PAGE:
If someone you love has anxiety, it may require a little extra effort to make them feel loved and reassured. With constant worrying and doubt filling their heads, they may feel insecure about their importance, and place within your relationship. An unanswered text message may not worry someone without anxiety, but to an anxious person, this opens the door to “what ifs” and a spiral of negative thoughts and emotions. Fortunately, there are a few things you can do to make your loved one with anxiety feel safe and secure.
Reassurance is a huge part of making an anxious person feel better. Uncertainty is the enemy of an anxious person, so reassurance will help tremendously. If your loved one tends to ask you unsolicited questions like “Do you still love me?”or “Am I being annoying?” try not to be insensitive or impatient. Instead, gently reaffirm that yes, you still love them, and no, they are not being annoying, and that you enjoy spending time with them.
Communication is key in any relationship, but it is especially important when dealing with someone who struggles with anxiety. If you don’t communicate clearly with your significant other they may assume the worst, and spiral. For example, if you know ahead of time that you won’t be able to talk to them as much as normal one day, let them know in advance. That way, they know that you’re not ignoring them, and they still feel loved and secure. Reassurance can also play a crucial role in communication. When you tell them that you’ll be busy, remind them that you love them and it has nothing to do with not wanting to talk to them. This way, everyone is happy and can go on about their day worry-free!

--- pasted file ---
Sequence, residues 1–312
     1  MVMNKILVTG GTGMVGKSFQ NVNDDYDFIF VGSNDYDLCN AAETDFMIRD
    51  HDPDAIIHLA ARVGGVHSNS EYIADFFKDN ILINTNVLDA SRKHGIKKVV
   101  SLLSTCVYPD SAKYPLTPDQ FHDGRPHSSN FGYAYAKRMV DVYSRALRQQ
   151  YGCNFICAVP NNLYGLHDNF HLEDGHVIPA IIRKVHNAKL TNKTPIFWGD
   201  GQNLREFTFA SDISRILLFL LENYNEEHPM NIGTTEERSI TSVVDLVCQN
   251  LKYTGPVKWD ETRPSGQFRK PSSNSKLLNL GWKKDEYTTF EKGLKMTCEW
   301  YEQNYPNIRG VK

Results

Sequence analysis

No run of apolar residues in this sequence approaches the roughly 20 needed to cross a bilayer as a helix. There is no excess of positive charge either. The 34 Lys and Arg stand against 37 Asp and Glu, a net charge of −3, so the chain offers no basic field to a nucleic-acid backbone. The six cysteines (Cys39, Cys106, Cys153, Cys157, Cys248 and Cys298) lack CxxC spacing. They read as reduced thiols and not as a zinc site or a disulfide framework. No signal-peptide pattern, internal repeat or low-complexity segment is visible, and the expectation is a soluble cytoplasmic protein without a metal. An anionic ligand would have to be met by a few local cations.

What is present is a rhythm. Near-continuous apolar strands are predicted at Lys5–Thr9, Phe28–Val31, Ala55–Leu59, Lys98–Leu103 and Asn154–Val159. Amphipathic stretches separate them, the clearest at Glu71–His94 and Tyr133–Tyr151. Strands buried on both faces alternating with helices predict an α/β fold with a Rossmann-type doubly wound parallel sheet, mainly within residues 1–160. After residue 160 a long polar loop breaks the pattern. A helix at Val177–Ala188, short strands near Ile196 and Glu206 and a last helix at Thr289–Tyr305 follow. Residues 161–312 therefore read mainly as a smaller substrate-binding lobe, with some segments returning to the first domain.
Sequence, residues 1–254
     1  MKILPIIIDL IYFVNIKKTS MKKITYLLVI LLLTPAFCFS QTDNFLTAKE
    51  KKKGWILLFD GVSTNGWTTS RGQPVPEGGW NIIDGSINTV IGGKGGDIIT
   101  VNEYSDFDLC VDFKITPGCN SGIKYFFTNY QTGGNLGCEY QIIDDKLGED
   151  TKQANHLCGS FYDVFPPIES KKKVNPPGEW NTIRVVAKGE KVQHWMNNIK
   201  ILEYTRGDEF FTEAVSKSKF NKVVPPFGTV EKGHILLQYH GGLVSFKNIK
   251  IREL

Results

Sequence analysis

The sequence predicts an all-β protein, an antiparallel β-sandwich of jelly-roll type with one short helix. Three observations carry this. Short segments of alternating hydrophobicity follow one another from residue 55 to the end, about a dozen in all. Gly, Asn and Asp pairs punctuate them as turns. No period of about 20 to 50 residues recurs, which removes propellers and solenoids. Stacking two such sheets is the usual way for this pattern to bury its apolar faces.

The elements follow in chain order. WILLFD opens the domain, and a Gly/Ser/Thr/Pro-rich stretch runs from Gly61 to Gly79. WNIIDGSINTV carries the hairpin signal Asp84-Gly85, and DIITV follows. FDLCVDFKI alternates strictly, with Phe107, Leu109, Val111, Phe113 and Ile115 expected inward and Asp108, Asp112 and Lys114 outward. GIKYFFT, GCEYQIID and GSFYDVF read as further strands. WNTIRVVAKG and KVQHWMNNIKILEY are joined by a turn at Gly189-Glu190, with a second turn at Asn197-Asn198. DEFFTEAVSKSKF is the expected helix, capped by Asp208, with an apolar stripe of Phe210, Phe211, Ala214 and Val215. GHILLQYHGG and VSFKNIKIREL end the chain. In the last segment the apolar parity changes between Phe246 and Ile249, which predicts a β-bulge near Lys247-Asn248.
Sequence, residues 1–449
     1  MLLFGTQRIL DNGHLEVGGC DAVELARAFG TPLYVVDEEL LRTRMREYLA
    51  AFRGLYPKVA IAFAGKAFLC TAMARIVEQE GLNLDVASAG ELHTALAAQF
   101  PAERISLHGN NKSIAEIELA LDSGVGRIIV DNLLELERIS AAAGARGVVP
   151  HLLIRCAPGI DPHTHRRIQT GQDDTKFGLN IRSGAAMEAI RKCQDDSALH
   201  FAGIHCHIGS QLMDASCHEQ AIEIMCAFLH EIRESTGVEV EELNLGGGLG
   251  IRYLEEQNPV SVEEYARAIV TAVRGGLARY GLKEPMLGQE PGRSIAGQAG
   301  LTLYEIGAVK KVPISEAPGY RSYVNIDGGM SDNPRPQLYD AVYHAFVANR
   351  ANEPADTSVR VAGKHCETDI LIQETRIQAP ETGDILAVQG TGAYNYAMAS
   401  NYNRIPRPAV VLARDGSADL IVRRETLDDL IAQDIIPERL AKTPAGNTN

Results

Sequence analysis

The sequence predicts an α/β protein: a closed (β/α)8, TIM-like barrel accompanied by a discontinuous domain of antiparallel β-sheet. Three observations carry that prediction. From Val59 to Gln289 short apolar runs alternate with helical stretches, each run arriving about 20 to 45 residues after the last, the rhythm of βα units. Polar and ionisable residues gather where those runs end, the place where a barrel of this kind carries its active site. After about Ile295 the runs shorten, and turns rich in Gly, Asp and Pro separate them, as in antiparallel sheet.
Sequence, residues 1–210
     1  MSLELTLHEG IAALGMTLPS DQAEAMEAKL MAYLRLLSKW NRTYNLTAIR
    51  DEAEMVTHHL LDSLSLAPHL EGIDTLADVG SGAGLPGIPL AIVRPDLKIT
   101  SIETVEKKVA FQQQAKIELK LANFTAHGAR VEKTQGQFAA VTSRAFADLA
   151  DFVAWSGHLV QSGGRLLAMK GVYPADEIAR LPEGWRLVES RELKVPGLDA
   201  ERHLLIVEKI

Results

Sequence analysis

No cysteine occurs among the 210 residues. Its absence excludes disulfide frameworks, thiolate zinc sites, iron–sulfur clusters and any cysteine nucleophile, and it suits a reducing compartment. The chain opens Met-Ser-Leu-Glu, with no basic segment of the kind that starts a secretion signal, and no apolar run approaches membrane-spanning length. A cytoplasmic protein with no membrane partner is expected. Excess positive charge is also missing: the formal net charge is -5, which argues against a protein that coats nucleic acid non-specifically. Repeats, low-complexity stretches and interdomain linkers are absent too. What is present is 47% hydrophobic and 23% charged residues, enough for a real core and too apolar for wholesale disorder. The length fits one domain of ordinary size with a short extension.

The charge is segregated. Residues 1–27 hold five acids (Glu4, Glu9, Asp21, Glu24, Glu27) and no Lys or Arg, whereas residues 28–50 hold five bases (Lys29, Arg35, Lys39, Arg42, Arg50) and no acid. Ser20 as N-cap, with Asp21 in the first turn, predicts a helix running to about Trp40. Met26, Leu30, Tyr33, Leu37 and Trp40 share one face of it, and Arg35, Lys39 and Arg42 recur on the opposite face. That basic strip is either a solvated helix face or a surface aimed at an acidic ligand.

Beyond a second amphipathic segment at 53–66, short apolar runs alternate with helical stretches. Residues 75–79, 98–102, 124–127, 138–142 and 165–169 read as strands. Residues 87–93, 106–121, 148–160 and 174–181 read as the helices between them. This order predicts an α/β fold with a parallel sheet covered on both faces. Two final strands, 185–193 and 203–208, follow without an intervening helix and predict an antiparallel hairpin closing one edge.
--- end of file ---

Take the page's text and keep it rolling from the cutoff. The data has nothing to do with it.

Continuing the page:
Another great way to improve communication between you and your loved one is to ask “Do you need comfort or solutions?” when they're venting to you about a problem. This helps them figure out what they need at that moment, and it also informs you how you can be most helpful.
Sudden change, or change in general, is a big trigger for people with anxiety. They like to have a plan or schedule ahead of time, especially going into new situations. To avoid triggering your partner’s anxiety, sit down with them and make a concrete plan when you are going on a date, on a trip, or anywhere new. Discuss important details such as what time the event will occur, when they need to be there, and where they need to go. You should also discuss the seemingly insignificant details like what they should wear, who's likely to be there, or, if it's a new environment for them, what that environment is like. Whenever possible, stick to the plan you created with them and try to avoid cancelling or changing the plan at the last minute. If you absolutely do need to cancel, explain why and reassure them that it’s nothing they did and that everything is okay, and something just came up. Again, reassurance ties in with this too!
It’s also important to remain consistent with your behavior. Ignoring your significant other for days on end, or getting angry on the flip of a dime, will really throw them off. Consistency is critical to the health of any relationship, whether your partner is anxious, or not.
In the end, people with anxiety are just as loveable as the rest of us; they may just require some extra effort on your part. Everyone is different and the best way to help your loved one is to ask them what they need, and how you can help. Just remember: Patience, gentleness, and kindness go a long way in any relationship.
Written by: Denver Morehead